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What course should we take?

Security curricula exist on many campuses today, and an increasing number of criminal justice programs include courses in security, loss prevention, or safety. While many people dispute the wisdom of having security courses attached to criminal justice programs, the reality is that the majority of courses are within criminal justice curricula. This is not likely to change anytime soon. I believe that working with an existing program is generally more productive than idly wishing for something that may never be.

The argument can be made that criminal justice programs should include security courses. This position can be based on the following assumptions:

* Society needs protection from criminals, terrorists, and disasters. College security courses help address this need by educating society's future protectors.

* Future job growth in the security services sector is projected to be robust. Two issues need to be considered: where the labor supply will come from and how students can be matched with rewarding career opportunities. Adding security courses to an existing criminal justice curriculum addresses both these concerns.

* Many people entering law enforcement begin their careers in security. Others work in the field while they are in law enforcement. Still others acquire security jobs after a law enforcement career. Obviously, the better acquainted these people are with security concepts and functions, the better they will perform asset protection duties.

* Student career interests are not always centered on policing. Many students want to work in the criminal justice field but don't want to be police officers. Unfortunately, not enough emphasis is placed on alternatives, such as security.

The average student does not know what security is, has no concept of contemporary business needs, and is totally baffled by the legal differences between law enforcement and security. A course or two in asset protection could develop a career orientation that is rewarding to students and their future employers.

* Police agencies are extremely selective in hiring. Applicants for police jobs must pass background investigations, drug screening tests, polygraph tests, psychological tests, physical exams, physical fitness tests, civil service tests, and oral review board exams.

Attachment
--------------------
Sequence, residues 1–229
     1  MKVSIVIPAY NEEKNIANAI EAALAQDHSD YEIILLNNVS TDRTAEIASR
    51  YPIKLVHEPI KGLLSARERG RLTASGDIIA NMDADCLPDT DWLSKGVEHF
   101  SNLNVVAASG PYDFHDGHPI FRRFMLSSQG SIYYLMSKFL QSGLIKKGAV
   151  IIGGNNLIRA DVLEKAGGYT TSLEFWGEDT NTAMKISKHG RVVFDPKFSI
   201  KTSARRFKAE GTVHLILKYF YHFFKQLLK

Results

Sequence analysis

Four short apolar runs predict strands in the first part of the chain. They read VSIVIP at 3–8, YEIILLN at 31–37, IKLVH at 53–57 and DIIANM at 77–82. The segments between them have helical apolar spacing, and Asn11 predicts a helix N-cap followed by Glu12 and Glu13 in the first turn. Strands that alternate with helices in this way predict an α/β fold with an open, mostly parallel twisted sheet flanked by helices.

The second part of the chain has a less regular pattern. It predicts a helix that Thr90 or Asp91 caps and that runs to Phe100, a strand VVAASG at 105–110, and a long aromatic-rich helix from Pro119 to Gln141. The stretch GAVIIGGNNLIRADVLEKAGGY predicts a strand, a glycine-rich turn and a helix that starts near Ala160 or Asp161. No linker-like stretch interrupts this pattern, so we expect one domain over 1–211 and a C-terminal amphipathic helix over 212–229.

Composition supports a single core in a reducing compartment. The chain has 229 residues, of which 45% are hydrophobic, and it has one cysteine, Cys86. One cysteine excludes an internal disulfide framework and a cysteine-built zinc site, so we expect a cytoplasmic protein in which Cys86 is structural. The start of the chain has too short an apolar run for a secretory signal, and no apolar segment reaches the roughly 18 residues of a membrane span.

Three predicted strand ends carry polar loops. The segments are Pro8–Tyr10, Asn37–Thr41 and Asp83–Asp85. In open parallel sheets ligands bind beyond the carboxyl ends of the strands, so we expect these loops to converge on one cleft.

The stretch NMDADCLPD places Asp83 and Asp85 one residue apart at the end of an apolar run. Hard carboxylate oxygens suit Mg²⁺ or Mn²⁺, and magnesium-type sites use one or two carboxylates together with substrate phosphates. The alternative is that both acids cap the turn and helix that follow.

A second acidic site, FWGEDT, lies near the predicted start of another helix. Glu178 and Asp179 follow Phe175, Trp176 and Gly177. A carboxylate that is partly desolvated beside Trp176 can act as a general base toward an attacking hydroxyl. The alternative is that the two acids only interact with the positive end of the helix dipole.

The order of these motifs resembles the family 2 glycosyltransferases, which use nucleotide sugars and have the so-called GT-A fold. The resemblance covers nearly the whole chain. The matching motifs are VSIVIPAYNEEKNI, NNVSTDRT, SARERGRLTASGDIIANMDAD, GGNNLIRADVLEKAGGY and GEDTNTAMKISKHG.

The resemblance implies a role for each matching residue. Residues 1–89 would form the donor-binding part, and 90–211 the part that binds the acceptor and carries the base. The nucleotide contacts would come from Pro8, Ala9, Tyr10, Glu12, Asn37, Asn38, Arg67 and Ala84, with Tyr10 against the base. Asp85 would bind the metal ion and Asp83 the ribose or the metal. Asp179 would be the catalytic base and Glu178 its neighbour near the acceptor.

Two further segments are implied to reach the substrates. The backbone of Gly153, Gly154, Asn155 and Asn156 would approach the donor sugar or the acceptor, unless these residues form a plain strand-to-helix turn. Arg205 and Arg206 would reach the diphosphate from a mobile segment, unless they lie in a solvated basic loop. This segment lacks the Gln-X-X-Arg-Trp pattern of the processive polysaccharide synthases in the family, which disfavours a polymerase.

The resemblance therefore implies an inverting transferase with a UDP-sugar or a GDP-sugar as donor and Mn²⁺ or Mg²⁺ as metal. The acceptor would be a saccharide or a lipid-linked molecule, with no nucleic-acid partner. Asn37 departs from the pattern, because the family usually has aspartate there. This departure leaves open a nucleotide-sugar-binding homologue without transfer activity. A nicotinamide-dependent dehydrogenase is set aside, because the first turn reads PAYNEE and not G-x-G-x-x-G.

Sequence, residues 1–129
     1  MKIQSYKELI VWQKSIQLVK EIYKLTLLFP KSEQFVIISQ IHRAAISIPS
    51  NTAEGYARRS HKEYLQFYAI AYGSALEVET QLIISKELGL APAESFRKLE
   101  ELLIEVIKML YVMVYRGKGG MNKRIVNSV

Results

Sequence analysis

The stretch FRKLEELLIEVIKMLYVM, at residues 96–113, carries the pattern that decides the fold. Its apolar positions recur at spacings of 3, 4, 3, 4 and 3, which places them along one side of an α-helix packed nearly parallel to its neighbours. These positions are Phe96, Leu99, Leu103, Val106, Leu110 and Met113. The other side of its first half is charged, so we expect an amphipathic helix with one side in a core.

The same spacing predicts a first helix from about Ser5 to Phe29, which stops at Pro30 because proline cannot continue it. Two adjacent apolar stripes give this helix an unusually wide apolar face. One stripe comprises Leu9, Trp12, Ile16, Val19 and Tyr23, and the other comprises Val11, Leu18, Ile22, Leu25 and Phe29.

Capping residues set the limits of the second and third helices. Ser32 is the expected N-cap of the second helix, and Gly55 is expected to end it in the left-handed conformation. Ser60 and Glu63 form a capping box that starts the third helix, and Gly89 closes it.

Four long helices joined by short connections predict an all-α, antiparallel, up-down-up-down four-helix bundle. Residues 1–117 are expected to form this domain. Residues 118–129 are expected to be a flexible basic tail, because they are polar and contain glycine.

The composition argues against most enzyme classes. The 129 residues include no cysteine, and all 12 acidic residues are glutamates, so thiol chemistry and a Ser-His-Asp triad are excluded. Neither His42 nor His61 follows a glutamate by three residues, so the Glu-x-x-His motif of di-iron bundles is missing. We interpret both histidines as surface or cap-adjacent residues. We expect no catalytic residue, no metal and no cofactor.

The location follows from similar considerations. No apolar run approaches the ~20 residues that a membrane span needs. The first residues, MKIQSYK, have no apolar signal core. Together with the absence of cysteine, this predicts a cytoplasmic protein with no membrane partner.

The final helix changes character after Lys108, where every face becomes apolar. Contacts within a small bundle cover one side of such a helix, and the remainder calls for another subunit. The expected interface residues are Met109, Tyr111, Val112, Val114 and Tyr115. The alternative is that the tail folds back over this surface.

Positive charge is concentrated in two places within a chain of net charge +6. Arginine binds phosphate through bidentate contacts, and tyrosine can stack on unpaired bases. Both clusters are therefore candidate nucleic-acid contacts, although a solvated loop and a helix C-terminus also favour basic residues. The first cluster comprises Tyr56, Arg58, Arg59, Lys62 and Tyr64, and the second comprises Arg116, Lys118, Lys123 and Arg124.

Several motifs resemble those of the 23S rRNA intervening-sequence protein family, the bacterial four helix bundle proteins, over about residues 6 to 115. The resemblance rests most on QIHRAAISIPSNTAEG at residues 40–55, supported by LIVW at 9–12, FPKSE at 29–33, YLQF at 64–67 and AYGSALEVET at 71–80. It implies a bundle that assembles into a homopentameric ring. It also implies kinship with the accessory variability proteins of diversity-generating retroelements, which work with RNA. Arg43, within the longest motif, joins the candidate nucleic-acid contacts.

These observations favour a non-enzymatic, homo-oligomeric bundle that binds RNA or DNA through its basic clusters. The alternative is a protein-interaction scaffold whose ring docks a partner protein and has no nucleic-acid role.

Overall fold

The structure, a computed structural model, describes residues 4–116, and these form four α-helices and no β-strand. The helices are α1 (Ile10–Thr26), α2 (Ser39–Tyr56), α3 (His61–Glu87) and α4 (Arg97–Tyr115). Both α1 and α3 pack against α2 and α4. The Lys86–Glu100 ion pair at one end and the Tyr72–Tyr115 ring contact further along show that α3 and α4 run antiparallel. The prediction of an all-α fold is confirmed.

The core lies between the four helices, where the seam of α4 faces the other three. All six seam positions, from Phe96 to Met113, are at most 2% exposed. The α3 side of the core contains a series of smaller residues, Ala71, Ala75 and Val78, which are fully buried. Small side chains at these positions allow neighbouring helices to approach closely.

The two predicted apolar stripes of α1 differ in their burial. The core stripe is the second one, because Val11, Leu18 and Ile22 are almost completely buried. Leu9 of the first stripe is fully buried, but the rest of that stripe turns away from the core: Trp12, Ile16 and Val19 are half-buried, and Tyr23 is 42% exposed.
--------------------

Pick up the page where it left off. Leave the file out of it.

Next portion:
It is not uncommon to find 30 applicants seeking a single opening. Many applicants who would do well in unarmed protective service in a nonconfrontational environment cannot pass the physical exam. In many cases, these people can make good security officers.

In addition, many police applicants are not aggressive enough to be effective law enforcement officers. Most security positions do not require aggressive people; the level of assertiveness required for security officers is more akin to that of fire fighters than police officers.

Unfortunately, because many criminal justice graduates are unaware of the opportunities in the private sector, they pursue jobs that are either unattainable or unsuitable for them. A single introductory course in security could go a long way toward rectifying this mismatch of applicants and careers.

* Many law enforcement positions are related more to asset protection than enforcement. Government agencies, such as the Secret Service and National Security Agency, have extensive security missions. While the job titles and training classes may indicate enforcement, much, if not most, of their work is in asset protection. Orienting criminal justice students toward protective service functions would better serve students and employing agencies.

* Much has been written about the
COPYRIGHT 1991 American Society for Industrial Security
No portion of this article can be reproduced without the express written permission from the copyright holder.
Copyright 1991 Gale, Cengage Learning. All rights reserved.

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Title Annotation:Special Seminar Issue; security courses in criminal justice programs; Viewpoint
Author:Hertig, Christopher A.
Publication:Security Management
Article Type:column
Date:Sep 1, 1991
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